I notice some ants hovering around the pieces. They bravely jump into the water to enjoy some sweet juice. I guess it might have been the yum-yum stuff the roots extrude out. They do gather around the pieces with more roots more from my observation. The bottom water-touching part of the pieces is also quite slimy.

What a memorable day. I am so in love with this rooting thing.

Day 5:

day-five-morning

Buds growing taller. More roots are also growing. In the afternoon, they have grown this much:

day-five-afternoon

We're almost there!

Day 6:

day-six-taller

Growing taller! Different buds have different growth rates. Some are faster than others. There may be one bud that may not make it. It's the last one in the lower right in the pic above.

The roots are thinner and longer:

day-six-roots

Finally:

Day 7:

day-seven-bigger-cane

Look how much taller it gets in just one day. This is our biggest guy for sure. This guy here is still tiny but he's doing fine:

unpacking-adenium-box
day-seven-tiny-guy

I also got rid of this one because chances of sprouting seemed low:

day-seven-bye-bye-guy

And there we have it! It's a super easy process I hope you guys will enjoy getting started.

Month 1:

sugarcane-month-one

Month 2:

sugarcane-month-two
stem-of-sugarcane-month-two

Month 3:

Missed it unfortunately :(

Month 4:

On Month 4, I notice that the plants slow down a bit growing vertically. Their stems get thicker and fatter.

sugarcane-month-four
sugarcane-month-04-leaves
Bigger leaves

Hooray to see new young branches:

sugarcane-month-04-new-young-shoots
New young branches growing

I also notice some white stuff at the base. There seems to be some roots stringing out. I guess it could be the mealybugs or some natural white wax of the sugarcane.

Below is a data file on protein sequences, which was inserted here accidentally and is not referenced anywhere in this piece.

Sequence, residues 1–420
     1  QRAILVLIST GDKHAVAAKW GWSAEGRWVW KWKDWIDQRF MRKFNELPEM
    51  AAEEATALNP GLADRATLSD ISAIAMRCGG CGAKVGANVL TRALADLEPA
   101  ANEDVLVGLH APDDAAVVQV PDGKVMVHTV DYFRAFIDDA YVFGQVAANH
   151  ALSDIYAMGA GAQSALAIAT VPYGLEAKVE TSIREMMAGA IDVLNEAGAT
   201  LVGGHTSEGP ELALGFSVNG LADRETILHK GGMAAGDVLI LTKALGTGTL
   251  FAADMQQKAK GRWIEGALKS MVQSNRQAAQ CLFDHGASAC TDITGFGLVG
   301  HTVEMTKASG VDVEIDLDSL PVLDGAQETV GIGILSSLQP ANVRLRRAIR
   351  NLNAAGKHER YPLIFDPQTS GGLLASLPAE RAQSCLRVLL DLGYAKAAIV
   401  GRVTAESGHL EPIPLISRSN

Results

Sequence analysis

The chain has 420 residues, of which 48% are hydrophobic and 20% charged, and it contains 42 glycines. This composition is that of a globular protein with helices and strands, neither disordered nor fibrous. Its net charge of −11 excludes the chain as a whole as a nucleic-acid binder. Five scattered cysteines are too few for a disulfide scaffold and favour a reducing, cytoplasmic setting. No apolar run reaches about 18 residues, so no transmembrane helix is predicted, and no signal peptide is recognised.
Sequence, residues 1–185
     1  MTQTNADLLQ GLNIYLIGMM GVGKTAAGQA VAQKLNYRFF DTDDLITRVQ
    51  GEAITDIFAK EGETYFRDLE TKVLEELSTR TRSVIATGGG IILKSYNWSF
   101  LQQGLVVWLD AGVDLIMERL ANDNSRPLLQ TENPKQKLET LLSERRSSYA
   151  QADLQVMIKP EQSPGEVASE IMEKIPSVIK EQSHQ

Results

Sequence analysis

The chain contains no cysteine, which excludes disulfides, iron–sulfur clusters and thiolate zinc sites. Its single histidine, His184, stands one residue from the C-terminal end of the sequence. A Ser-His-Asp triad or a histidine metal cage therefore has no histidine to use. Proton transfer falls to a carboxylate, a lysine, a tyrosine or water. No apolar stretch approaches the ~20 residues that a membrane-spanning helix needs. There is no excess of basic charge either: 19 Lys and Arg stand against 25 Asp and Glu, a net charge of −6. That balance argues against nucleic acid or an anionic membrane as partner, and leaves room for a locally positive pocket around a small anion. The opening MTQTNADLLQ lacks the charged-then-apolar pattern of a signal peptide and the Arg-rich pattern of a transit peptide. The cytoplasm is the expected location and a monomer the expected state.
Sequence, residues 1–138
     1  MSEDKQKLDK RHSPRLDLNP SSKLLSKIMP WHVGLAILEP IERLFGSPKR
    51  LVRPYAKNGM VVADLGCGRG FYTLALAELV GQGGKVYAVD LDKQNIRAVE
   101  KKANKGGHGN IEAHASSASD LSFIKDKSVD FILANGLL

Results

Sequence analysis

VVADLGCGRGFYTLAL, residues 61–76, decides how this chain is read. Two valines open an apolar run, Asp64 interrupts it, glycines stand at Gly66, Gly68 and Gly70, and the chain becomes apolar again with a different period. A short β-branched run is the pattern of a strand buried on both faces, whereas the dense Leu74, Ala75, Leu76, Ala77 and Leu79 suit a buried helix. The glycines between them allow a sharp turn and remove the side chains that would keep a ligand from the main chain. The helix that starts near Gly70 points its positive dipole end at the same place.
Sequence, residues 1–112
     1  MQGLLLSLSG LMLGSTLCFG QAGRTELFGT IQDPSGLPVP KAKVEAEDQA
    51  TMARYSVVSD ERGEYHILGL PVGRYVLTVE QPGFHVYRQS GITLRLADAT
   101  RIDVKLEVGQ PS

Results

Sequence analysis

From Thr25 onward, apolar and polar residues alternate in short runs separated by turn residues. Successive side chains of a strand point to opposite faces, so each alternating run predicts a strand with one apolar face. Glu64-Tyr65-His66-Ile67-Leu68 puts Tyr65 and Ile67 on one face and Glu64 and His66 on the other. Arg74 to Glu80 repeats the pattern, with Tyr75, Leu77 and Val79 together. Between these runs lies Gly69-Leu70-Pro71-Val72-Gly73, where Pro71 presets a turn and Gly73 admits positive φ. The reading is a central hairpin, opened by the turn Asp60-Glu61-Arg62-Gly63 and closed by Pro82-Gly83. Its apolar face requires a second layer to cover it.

sugarcane-month-04-base-white-stuff
White stuff at the base

I chopped off some old yellow leaves today (22 Jan) for tidiness, and according to some, it helps with the plants' growth.

Responses to Readers' Questions

If all sugarcane buds totally dip in water what happened

--> Thanks for your question. So I heard from other growers, it's so that the buds don't go bad. From my limited experience, when dipping in too much water than the cane itself can take, after a few days it will start to give off a slightly sour smell (like that of fermenting, but you'll know it may have gone bad). There will be some insects flying around, landing on the canes. Interestingly I notice that although the roots grow out, the buds as you may have guessed don't grow in this case. And the water where the canes are dipped turns quite cloudy.

This is the green sugarcane I was experimenting with:

cloudy-sugarcane-in-water

Close-up: As you can see, the water level does not even get to the buds part, but it has already started to show the signs of not taking. I reduce the water the next few days, but it seems that germination doesn't take.

unpacking-adenium-box
close-up-sugarcane-cloudy

This is just one variety of sugarcane. I guess you can experiment a small amount of your own to also see the results. I hope this helps! Merry Christmas :)

Share or pin this post!

rooting-sugarcane-plants-in-water-step-by-step-guide-pin